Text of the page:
Braininvat » November 13th, 2017, 4:02 pm wrote:He cut himself no slack and spoke honestly about what a sh-t he was and what form it took.

I'm in two hearts about his apology. On the one hand, he doesn't (as so many do) try to smear his victims, or (any longer) to deny the allegations. It takes responsibility. On the other hand, it's not strictly an apology. He doesn't say sorry or even "I apologise", but rather tries to explain himself. He does spend some space trying to clarify why his behaviour was wrong, either to prevent his fans from being overly defensive, or to show that he understands. But does he understand? He thinks the problem is that the women admired him, not that there was a power differential. (Incidentally, when I ran a cocktail bar I asked a subordinate on a date. It took her two days to decide, and when she did, she seemed very nervous. At the time I assumed that she was nervous about my feelings, and that her indecision was based on ambivalent feelings about me, or a desire to word it just right. Reading about this has forced me to wonder whether she feared professional retaliation from me, and whether, therefore, I have done something wrong.) He also uses the word "díck" for penis, which may be a desire to avoid euphemism, or it may betray a lack of real seriousness and maturity about the issue.

I really began to feel like I was reading an absurdist tale when I discovered that Louis CK has been dropped by his publicist, Lewis E. Kay.

Braininvat » November 13th, 2017, 4:02 pm wrote:I also think there are degrees of transgression and that they sometimes get lost in the public uproar. Louie includes a couple of routines that involve fake masturbation in his standup show, so it's not entirely surprising to me that he might get carried away in the presence of an attractive female comedian and stupidly and offensively connect confessional art and real life by showing her his ****. Putting him in the same box of wickedness as paedophiles (an extra "a" for you Brits who love your superfluous letters) might be an overreaction.

Oh, I don't mean to suggest that all my examples were morally equivalent. Even within each category, they are not morally equivalent. Wagner wished for the elimination of the members of the Jewish race. Bakunin would have settled for the elimination of the Jewish culture, rather than its erstwhile practitioners. Shakespeare and Marx thought that the Jews were creeps and usurers, but more importantly, human. Roald Dahl risked his life to fight against the Nazis. But the proposition under debate is the same in all cases - do the producer's life and mind contaminate the product?
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Re: The Naughty and the Nice

Postby Lomax on November 13th, 2017, 1:08 pm 

Serpent » November 13th, 2017, 4:29 pm wrote:
Braininvat » November 13th, 2017, 10:11 am wrote: I think men often make the unwarranted leap that, if others give them elevated status, their sexual attractiveness soars beyond all mortal limits and every shapely @ss is now yearning to be grabbed.

A cultural correction to this delusional state now seems to be in progress.


Watch for backlash, coming to your neighbourhood right-wing broadcast media. I predict it begins with diatribes against 'political correctness' by the usual talking... what's the opposite of heads again? and escalates to a fresh wave of persecution against women and gays.

Remarkable that, in the wake of Donald Trump and Roy Moore, the prurient Right wing are suddenly so eager to make excuses for sex pests. During the Clinton era, that was the job of the American Left. Perhaps everybody sees this stuff as more complex than it's usually prudent to admit.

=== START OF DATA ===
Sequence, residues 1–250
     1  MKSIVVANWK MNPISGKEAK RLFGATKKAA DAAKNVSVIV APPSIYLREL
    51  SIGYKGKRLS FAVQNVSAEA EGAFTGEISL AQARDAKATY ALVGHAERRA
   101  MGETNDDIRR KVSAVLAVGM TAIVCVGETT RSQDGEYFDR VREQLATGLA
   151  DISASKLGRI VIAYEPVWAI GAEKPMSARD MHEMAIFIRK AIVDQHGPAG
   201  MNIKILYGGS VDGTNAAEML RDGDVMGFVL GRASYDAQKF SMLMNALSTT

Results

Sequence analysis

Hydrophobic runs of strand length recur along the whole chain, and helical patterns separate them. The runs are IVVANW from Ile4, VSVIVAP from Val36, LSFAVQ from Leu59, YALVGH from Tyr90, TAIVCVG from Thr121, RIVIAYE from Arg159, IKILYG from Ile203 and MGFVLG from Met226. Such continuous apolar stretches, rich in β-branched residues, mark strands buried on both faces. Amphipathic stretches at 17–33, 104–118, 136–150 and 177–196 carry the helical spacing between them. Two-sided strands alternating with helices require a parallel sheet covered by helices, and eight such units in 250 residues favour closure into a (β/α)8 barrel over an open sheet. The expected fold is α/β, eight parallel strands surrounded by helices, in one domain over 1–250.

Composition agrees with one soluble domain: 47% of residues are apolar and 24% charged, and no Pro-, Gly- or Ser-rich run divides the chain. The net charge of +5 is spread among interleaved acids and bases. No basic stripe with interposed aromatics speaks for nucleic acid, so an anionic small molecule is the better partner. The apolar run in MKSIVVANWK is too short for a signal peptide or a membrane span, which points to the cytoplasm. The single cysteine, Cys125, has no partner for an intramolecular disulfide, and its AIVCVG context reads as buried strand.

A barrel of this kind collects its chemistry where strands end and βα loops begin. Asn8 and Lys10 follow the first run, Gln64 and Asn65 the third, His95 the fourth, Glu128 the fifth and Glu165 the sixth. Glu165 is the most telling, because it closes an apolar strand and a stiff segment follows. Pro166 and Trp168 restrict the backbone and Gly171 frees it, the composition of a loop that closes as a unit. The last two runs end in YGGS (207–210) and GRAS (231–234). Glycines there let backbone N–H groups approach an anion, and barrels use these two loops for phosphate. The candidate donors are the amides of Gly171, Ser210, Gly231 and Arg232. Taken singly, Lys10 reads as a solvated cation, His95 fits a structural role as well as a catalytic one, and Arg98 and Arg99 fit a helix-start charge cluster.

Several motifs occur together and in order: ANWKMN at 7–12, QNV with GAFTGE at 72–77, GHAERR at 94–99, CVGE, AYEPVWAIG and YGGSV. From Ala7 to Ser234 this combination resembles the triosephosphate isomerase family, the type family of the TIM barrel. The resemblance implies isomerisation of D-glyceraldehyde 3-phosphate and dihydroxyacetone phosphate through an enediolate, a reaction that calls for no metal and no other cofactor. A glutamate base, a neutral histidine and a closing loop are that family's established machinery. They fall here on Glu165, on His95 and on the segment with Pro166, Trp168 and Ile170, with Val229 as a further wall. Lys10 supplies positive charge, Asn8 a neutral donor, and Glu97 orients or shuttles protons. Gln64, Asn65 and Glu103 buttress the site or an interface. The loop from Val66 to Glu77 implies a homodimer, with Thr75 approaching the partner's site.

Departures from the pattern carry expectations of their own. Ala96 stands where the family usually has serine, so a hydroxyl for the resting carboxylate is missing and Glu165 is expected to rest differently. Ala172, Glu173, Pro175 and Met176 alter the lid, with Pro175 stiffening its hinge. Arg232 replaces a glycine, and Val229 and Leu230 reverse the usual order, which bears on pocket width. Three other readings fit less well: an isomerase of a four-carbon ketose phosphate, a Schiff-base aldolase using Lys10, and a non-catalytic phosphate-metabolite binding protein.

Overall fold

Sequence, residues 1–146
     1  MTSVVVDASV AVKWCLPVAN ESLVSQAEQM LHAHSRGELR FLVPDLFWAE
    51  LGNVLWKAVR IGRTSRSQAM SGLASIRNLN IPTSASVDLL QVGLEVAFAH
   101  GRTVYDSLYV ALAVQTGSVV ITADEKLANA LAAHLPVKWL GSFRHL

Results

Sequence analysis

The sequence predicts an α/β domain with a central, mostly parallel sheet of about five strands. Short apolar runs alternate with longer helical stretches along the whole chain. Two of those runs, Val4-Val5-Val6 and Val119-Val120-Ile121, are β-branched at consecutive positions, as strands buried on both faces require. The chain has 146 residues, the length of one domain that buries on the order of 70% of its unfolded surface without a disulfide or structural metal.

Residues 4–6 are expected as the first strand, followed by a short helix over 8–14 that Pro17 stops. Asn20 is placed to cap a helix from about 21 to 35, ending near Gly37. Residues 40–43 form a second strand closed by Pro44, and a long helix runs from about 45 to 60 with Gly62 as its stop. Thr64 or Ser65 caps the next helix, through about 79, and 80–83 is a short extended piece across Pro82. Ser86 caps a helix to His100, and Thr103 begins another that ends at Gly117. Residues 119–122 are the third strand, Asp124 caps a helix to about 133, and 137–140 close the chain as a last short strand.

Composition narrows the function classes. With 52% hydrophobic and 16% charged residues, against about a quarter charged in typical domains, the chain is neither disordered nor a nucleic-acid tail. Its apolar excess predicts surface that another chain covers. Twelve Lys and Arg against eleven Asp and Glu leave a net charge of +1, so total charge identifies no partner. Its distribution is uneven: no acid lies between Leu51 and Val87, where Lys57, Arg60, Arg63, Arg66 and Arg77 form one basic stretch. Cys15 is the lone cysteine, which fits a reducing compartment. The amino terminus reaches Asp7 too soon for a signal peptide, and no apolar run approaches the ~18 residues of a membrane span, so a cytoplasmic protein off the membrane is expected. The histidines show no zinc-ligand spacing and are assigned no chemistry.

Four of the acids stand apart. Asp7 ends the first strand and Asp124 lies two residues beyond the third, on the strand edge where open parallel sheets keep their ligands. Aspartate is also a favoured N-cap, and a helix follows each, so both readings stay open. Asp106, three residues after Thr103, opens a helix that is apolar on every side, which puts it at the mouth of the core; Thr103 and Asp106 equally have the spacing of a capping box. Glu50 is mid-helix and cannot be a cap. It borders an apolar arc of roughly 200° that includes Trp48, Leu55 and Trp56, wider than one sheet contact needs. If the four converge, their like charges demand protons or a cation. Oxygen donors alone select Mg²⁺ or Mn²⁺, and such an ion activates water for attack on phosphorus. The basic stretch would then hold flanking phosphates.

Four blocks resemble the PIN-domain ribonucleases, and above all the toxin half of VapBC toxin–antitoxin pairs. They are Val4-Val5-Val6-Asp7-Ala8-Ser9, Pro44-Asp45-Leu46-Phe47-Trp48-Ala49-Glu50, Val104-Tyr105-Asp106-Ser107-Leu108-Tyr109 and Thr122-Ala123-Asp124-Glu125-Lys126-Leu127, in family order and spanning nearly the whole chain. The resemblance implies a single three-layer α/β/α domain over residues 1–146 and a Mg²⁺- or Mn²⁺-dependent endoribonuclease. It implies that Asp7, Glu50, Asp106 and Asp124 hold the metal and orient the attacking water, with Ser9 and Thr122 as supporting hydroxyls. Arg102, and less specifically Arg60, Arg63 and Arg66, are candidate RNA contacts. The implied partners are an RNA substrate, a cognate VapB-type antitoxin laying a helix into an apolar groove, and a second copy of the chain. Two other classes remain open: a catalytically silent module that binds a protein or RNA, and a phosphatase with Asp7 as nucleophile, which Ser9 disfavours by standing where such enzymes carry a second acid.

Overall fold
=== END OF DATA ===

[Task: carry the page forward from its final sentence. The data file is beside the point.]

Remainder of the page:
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Re: The Naughty and the Nice

Postby Braininvat on November 13th, 2017, 1:34 pm 

I agree Louie's statement falls short of a full apology, though that appears to be what is intended. IIRC, he does indicate awareness of the power differential, but puts it too much in terms of how "admired" he is. Clearly, the artist's ego tends to be robust. In terms of the thread, you remind us that it's about the level of contamination of the artist's work, and in this regard, Louie would really be the most radioactive. Some of this creepiness is that his work is confessional and thus already puts us in uncomfortable proximity to the artist - some of his humor has made me wince and laugh simultaneously. So it doesn't help to see him fall into transgressions that we were already skirting dangerously around just by following his narratives.

That's a great quote from Updike. I am glad people still read him. AFAIK, he has been, in his personal life, a thoroughly decent human being. It may help that he has generally avoided interviews and public appearances and generally going into celebrity mode. As a writer, he would rightly fear going deaf and blind in the limelight.
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Re: The Naughty and the Nice

Postby Lomax on November 13th, 2017, 1:56 pm 

The worst I know of Updike is that he was a supporter of the Vietnam War, and that he wrote Rabbit, Run as a riposte to On the Road, which he hadn't read. Well perhaps if he had read and understood it, he wouldn't have felt the need to reply, and we'd have missed a masterpiece. And who's perfect, anyway? What exactly is the journalist (and the many others like him; the "critical theory" movement Harold Bloom deplores so much) asking of the artist? Moral purity? Such nauseating stuff is probably better left to Saint Peter; it's not for me.
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Re: The Naughty and the Nice

Postby Serpent on November 13th, 2017, 3:23 pm 

BadgerJelly » November 13th, 2017, 11:32 am wrote: [Those monuments, and the objection to them, are not based on the character of the subjects, nor their accomplishments, nor the virtue of the artists - and certainly not on the merits of the art itself. That's a social/political issue which belongs elsewhere.]

I think that's a ridiculous statement. How is politics/society disconnected from art.